Our location at the King’s Buildings campus – home to most of the University’s science and engineering research – benefits our work too. Our King’s Buildings neighbours include external institutes such as the British Geological Survey; our proximity to them strengthens these research links.
As a research student, you will be affiliated to one of our research institutes, benefiting from an excellent peer-supported network.
As groupings of researchers with related interests, the institutes provide a forum for development of ideas, collaboration, and dissemination of results, and an environment for training, development and mentoring of research students and early career researchers.
The School receives strong backing from industry, particularly in areas such as hydrocarbons and carbon capture and storage. We receive support from the EU and from major UK research councils, including the Engineering and Physical Sciences Research Council and the Economic and Social Research Council.
The Institute for Energy Systems (IES) helps shape tomorrow's difficult energy decisions in decarbonising society. It continues a long line of world leading innovation by Edinburgh researchers, including the 1970s 'Duck' wave energy converter, invented by Stephen Salter - now Emeritus Professor of Engineering Design.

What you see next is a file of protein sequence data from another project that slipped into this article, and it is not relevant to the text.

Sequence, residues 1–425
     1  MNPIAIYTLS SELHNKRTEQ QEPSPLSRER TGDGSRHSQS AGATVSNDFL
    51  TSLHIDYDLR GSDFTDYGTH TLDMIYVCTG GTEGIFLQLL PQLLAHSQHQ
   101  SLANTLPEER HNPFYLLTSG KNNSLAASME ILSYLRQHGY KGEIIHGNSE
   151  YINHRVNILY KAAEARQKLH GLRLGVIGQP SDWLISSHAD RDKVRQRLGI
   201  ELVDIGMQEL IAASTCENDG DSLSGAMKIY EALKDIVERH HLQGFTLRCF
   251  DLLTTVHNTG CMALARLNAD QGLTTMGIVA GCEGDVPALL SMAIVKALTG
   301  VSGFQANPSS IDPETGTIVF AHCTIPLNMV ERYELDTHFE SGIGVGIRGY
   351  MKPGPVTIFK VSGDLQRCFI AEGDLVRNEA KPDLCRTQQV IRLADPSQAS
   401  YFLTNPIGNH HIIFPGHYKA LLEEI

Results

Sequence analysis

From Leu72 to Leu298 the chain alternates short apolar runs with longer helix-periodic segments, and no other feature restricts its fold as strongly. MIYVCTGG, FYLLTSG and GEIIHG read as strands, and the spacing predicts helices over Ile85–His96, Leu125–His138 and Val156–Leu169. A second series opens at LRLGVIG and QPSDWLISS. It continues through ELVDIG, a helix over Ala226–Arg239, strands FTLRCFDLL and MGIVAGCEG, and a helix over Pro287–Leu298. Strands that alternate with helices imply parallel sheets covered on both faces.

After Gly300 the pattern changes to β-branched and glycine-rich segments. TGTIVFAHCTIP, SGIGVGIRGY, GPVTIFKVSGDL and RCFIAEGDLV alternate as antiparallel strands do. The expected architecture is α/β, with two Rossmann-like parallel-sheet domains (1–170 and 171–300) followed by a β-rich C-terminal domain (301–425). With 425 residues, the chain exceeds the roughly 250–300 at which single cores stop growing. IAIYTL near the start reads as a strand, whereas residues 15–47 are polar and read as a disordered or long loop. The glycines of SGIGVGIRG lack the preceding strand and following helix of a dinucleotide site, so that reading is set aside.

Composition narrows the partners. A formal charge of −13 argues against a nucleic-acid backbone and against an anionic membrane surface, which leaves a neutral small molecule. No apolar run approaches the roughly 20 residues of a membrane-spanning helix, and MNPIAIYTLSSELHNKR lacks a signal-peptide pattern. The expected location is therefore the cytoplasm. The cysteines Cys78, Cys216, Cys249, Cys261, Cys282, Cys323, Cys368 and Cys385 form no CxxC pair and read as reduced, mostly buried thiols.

Our research covers all aspects of the low carbon energy chain: resource modelling, impact of climate change, wind, wave, tidal & solar energy, electrical power conversion, energy storage, carbon capture, biofuels and delivery into the electrical network. In addition, we have established a low carbon vehicle group developing more efficient internal combustion engines. IES is also involved in two doctoral training centres: the Industrial Centre for Offshore Renewable Energy (IDCORE) as a lead partner and the Centre for Doctoral Training in Wind and Marine, led by Strathclyde University.
Students are strongly encouraged and trained to present their research at conferences and in journal papers during the course of their PhD.
Students are also encouraged to attend transferable skills courses provided by the University and to participate in external courses provided by organisations such as the Engineering and Physical Sciences Research Council (EPSRC).
PhD candidates pursue their research projects under continuous guidance, resulting in a thesis that makes an original contribution to knowledge. You will be linked to two academic supervisors, and one industrial supervisor if the project is industrially sponsored.
IES has excellent experimental facilities for both marine and electrical power. The Institute hosts the unique FloWave Ocean Energy Research Facility, which is the world’s most sophisticated large marine energy test laboratory.
We offer a comprehensive range of exciting research opportunities through a choice of postgraduate research degrees: MSc by Research, MPhil and PhD.
An MSc by Research is based on a research project tailored to a candidate’s interests. It lasts one year full time or two years part time. The project can be a shorter alternative to an MPhil or PhD, or a precursor to either – including the option of an MSc project expanding into MPhil or doctorate work as it evolves. It can also be a mechanism for industry to collaborate with the School.